The Center for Photonic and Multiscale Nanomaterials (C-PHOM) is a National Science Foundation Materials Research Science and Engineering Center, established in 2011. The center’s research activity is focused on two Interdisciplinary Research Groups (IRG’s): wide-bandgap nanostructured materials for quantum light emitters and advanced electromagnetic metamaterials and near-field tools. The center is housed primarily at the University of Michigan; the Metamaterials IRG is a partnership between the University of Michigan and Purdue University. Other participating institutions include the University of Texas at Austin, University of Illinois Urbana Champaign, Wayne State University, and City College of CUNY.
C-PHOM’s activities are focused on two IRG’s and a coordinated program in diversity, education, and human resources development (EHRD). IRG1 is dedicated to wide-bandgap nanostructured materials for quantum light emitters. The program develops wide-gap materials, particularly GaN-based nanostructures, establishing inorganic semiconductor nanophotonic structures with large bandgap and high exciton binding energy for high-efficiency visible light emitters, lasers, energy conversion, and novel quantum devices. The scope of the research includes the epitaxy and synthesis of GaN-based nanostructures, their structural, electrical, and optical characterization, their application in laser spectroscopy and quantum optical studies, investigation of strong coupling phenomena, polariton lasing, high-efficiency visible LEDs, and microcavity lasers. This effort is centered at the University of Michigan, with partners at the University of Illinois Urbana Champaign and City College CUNY.
IRG2 is focused on advanced electromagnetic metamaterials (MM’s) and near-field tools. Metamaterials are nanostructured mixtures that behave as homogeneous optical materials with electromagnetic properties unattainable with naturally existing materials, such as negative refraction, cloaking, plasmonic hot spots, and super-resolution. This IRG investigates MM’s – particularly chiral, quasiperiodic and hyperbolic MM’s – and MM-inspired structures with unusual properties such as near-field plates and hyperlenses, and develops understanding leading to potential applications in communication, sensing, and imaging (notably sub-wavelength imaging). The IRG consists of a partnership between the University of Michigan and Purdue University, and additional collaborations with Wayne State University and the University of Texas at Austin. Both IRG’s include extensive interactions with national labs (Sandia, Argonne, and NIST) and with overseas institutions.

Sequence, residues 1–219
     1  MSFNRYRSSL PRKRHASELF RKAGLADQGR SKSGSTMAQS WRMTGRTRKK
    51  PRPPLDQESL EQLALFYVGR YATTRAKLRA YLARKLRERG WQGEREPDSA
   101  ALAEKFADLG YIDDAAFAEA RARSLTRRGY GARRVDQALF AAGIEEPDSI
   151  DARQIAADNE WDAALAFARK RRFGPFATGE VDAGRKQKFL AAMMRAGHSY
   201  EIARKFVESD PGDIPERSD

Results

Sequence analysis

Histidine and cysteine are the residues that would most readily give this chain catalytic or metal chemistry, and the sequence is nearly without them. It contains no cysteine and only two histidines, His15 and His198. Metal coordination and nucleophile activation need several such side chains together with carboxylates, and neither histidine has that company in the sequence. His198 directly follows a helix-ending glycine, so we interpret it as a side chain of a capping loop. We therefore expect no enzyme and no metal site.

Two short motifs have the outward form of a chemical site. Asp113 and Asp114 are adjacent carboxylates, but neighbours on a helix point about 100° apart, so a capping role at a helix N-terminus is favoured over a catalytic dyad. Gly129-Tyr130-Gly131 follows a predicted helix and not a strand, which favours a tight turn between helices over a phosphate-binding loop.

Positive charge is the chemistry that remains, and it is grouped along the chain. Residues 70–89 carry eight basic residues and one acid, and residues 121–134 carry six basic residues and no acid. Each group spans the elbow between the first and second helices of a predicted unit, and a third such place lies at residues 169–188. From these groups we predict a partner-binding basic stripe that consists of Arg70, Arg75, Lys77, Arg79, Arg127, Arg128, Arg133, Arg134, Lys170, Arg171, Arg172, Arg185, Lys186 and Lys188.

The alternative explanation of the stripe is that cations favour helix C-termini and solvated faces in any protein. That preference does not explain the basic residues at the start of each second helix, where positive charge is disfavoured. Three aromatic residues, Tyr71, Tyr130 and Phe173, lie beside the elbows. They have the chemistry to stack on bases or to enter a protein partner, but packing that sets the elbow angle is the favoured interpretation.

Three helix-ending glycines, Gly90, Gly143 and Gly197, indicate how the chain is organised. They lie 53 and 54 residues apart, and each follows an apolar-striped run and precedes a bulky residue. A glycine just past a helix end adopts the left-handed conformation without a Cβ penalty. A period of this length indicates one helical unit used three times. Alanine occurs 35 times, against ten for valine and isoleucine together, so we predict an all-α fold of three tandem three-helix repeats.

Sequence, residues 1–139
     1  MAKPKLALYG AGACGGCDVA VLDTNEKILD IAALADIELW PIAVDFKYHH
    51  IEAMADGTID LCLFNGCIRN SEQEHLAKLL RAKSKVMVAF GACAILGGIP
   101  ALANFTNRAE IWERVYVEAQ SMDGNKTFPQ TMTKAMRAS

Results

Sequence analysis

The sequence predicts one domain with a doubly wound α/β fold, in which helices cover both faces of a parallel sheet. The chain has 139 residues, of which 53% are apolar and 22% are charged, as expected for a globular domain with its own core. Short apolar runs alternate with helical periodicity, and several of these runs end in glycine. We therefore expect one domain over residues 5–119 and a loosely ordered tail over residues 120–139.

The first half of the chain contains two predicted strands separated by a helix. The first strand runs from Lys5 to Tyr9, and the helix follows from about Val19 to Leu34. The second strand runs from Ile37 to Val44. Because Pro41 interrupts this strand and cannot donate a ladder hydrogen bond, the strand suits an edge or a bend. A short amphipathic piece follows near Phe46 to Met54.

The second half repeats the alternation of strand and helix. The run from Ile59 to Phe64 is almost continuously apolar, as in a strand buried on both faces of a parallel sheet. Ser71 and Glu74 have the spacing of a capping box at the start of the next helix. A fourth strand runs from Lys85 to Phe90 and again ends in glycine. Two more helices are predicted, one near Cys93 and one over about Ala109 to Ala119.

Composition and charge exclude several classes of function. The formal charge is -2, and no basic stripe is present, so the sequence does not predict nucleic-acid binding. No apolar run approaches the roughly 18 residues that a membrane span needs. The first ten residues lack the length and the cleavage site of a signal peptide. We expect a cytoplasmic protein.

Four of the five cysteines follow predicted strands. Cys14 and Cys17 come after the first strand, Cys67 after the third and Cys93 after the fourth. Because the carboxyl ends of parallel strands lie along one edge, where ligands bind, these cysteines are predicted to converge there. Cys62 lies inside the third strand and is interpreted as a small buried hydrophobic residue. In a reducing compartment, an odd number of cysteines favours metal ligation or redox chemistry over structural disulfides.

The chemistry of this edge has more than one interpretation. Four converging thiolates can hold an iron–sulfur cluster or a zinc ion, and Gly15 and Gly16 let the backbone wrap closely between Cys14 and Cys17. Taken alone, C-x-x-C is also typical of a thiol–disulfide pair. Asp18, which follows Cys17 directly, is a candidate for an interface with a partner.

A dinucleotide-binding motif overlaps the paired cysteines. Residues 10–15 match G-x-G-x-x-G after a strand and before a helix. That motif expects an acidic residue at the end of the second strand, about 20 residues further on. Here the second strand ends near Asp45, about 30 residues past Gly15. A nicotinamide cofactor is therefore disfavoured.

A key feature of the center is that it provides a framework for the close integration of research with educational and outreach initiatives, at the high school, undergraduate, graduate, and postdoctoral levels. Specific programs include undergraduate involvement in MRSEC research via both a Michigan and an international (“City of Light”) REU program, a focused program for regional high school students from schools with large underrepresented group enrollment, a coordinated system for recruiting underrepresented groups into higher education, and an entrepreneurship program to train PhD students and postdocs and encourage translation of technology developed in the center.
Multiscale Materials for Nanophotonics
The development of new materials has often proven to be the foundation for revolutionary advances in both science and technology; optical materials, for example, are key to high-speed data transmission, through such applications as diode lasers, modulators, detectors, and low-loss optical fibers. The past decade has seen the emergence of powerful techniques to synthesize and control materials on multiple length scales. In photonics, for example, one can now tailor electronic wavefunctions through quantum confinement using materials structured on the 1-10 nm length scale. Control of optical-frequency electromagnetic modes, however, is managed by structures whose characteristic size is on the order of the fraction of a wavelength – typically 10-1000 nm. These structures may range from metamaterials (in which the material nanostructure leads to a homogeneous effective medium) to photonic crystals and microcavities (in which a periodic dielectric structure leads to modification of the optical modes via diffraction). In a multiscale composite, the material structure is controlled on the nanometer to micron scale and beyond, leading to simultaneous control of both the electronic or excitonic properties and the electromagnetic modes of the system. For example, a dense system of quantum dots (QDs) behaves as a continuous medium for light while acting as a set of non-interacting units for the strongly confined electrons; incorporation into a photonic crystal enables manipulation of the light modes interacting with the QD. The control of light-matter interactions leads to such phenomena as enhanced or inhibited light emission, strong coupling (cavity-QED) effects, and single-quantum-dot quantum logic gates.
Materials that are engineered to simultaneously access these multiple length scales are known as multiscale materials. Their development constitutes one of the most exciting frontiers in materials research today. Nanophotonics, defined as the use of multiscale materials to control light-matter interactions through both the electronic wavefunctions and sub-wavelength properties of confined light fields, stands to benefit immensely from the thorough understanding and exploitation of such novel structures.